That interview is one of the reasons I will always have a soft spot in my heart for The Comics Journal, and why I can only welcome their increased online presence. Most comic book interviews on the web – including those with some highly idiosyncratic creators – seem to be based around a new project coming out. Reliably entertaining interview subjects like Evan Dorkin and Alan Moore only ever seem to get interviewed in conjunction with something new coming out.

And those online interviews that aren’t just fixated on the near future tend to be ridiculously ingratiating to the subject, to the point where they are barely worth reading. A recent round of interviews with Brian Bendis that looked back at his ten years at Marvel were so busy telling the reader how awesome the last decade has been, they forgot to say anything interesting.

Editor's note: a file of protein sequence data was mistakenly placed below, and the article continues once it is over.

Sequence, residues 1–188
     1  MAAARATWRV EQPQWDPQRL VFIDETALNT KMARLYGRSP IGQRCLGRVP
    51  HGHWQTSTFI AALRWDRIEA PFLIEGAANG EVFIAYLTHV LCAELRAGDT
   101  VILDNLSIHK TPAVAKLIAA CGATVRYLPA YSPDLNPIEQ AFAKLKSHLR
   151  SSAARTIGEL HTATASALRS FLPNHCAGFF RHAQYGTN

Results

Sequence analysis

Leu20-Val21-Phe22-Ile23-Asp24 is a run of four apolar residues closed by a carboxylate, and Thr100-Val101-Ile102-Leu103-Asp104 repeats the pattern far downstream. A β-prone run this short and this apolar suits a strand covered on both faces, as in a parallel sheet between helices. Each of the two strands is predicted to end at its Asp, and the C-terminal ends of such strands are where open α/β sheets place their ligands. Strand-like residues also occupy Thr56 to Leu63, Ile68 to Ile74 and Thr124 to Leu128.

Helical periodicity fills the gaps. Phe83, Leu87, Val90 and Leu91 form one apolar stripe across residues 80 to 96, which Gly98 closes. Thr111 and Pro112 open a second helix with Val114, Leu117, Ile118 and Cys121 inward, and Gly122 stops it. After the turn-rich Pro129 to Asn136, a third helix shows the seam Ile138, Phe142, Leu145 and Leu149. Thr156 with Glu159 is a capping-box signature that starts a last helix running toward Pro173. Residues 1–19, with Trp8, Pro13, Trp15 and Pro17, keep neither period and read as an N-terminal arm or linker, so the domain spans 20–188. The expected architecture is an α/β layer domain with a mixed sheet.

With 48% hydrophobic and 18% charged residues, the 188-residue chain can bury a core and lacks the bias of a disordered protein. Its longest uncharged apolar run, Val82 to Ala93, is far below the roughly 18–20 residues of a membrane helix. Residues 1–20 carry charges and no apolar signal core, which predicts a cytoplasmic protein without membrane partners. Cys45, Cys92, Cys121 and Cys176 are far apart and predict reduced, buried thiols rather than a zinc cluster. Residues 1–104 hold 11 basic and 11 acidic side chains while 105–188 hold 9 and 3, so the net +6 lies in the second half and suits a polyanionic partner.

The Comic Journal’s interviews – both in print and online – remain the best comic interviews around. O’Neill’s chat with Douglas Wolk touches on all the usual subjects such as his early run-ins with the Comics Code Authority, but also managed to cast new light on O’Neill’s work over the decades – both in the behind the scenes machinations, and in the craft behind every line on the page.

And they’re entertaining too – creators who no longer feel the obligation to do anything for the main publishers can be wonderfully candid about the sordid aspects of the business. O’Neill remains a proper gentlemen in his discussion, but is not above dishing the odd bit of dirt on those who have wronged him. (One particular aside got right up movie producer Don Murphy’s goat, but judging by Murphy’s history, that’s not hard to do.)